Tanzania is not particularly famous as a destination for those with a floral interest, but this is changing soon with the addition of Kitulo National Park. In February 2002 the Government of Tanzania announced that it would be gazetting 13,500 hectares as a National Park. This is the first National Park in Tanzania to be gazetted primarily for its botanical importance.
The park promises more than a taste of paradise for botanists, birdwatchers and hikers. Known locally as Bustani ya Mungu ('God's Garden'), the plateau is extremely floral. 350 species of plants have been documented so far including 31 Tanzanian endemics, and 50 species of terrestrial orchids, numbers that continue to grow as more research is done. It is this abundance of flowers in the rainy season that creates 'one of the great floral spectacles of the world'.
Tanzania's floral diversity also includes the Saintpaulia, African Violets. Endemic to the Eastern Arc Mountains, they were first discovered by Baron Walter von Saint Paul-Illaire in 1892. They have since become widely cultivated as house plants, while the species itself is under great threat here in Tanzania due to habitat destruction.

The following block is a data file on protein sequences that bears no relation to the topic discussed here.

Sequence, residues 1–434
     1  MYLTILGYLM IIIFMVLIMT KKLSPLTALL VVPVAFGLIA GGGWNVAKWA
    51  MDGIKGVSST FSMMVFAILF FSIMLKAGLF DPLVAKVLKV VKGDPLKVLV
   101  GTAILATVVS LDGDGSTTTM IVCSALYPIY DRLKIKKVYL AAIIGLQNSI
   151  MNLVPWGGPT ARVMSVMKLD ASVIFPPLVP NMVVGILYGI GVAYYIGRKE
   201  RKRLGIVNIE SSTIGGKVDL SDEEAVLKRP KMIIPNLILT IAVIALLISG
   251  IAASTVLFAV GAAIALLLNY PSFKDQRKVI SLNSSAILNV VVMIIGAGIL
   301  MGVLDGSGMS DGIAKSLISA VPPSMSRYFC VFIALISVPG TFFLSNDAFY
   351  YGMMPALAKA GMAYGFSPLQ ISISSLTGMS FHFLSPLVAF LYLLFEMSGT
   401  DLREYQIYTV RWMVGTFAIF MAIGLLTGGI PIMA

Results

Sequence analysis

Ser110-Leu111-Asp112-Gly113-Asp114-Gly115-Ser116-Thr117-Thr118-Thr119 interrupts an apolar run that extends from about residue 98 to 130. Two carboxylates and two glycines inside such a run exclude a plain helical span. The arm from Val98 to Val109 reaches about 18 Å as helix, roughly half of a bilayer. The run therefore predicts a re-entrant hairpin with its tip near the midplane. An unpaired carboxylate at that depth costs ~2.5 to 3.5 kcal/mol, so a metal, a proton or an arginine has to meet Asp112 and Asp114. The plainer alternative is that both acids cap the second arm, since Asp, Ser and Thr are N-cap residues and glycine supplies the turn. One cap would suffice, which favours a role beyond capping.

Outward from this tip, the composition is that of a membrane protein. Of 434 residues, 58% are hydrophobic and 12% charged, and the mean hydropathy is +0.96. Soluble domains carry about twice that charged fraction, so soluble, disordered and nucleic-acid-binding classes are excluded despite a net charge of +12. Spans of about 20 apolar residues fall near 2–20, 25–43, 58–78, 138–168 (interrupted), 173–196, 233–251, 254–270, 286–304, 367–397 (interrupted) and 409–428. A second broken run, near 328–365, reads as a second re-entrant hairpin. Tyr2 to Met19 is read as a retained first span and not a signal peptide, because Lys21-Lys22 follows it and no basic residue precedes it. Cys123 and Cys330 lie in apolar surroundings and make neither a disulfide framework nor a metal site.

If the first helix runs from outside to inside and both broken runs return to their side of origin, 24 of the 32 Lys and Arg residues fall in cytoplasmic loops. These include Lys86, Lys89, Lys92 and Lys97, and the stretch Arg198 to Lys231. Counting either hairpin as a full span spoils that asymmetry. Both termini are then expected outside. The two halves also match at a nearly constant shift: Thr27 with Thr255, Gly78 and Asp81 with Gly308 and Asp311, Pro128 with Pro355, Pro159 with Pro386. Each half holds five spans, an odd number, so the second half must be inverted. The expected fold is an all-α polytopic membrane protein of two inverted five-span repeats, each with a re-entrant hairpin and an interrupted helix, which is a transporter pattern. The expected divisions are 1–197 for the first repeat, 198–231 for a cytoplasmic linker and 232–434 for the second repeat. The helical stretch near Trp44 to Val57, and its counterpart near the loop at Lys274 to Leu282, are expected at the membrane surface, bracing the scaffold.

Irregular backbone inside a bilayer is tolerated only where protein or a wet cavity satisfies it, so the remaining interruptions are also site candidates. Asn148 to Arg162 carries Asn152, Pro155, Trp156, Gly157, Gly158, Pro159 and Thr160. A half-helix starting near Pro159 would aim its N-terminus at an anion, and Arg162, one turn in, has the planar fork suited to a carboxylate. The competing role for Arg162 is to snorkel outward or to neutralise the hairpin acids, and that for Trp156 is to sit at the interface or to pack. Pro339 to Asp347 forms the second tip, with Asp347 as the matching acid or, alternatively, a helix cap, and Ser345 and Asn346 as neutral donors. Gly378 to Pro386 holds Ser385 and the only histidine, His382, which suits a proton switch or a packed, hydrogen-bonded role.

Climbing Kilimanjaro gives an opportunity to see many endemic plants, some flowers, and some very strange looking high latitude species.
It would be unfair to put Tanzania's sole floral claim down to Kitulo Plateau and the African Violets. You will find beautiful displays of flowers in most of the national parks, particularly in the wetter months of April and May, known as the 'Green Season'. Gladiolus, flame lilys and fireball lilys name just a few of the vibrant species you might see on a game drive.
You will also be impressed with the riot of colour to be found in some of the major towns and cities and beach hotels. Huge walls of cheerful bougainvillea line many streets. Flower beds of Hibiscus can be found decorating car parks, while hotels and beach resorts have every reason to be proud of their stunning gardens.
Wild Things is one of the few companies that regularly takes visitors to the remote Kitulo plateau.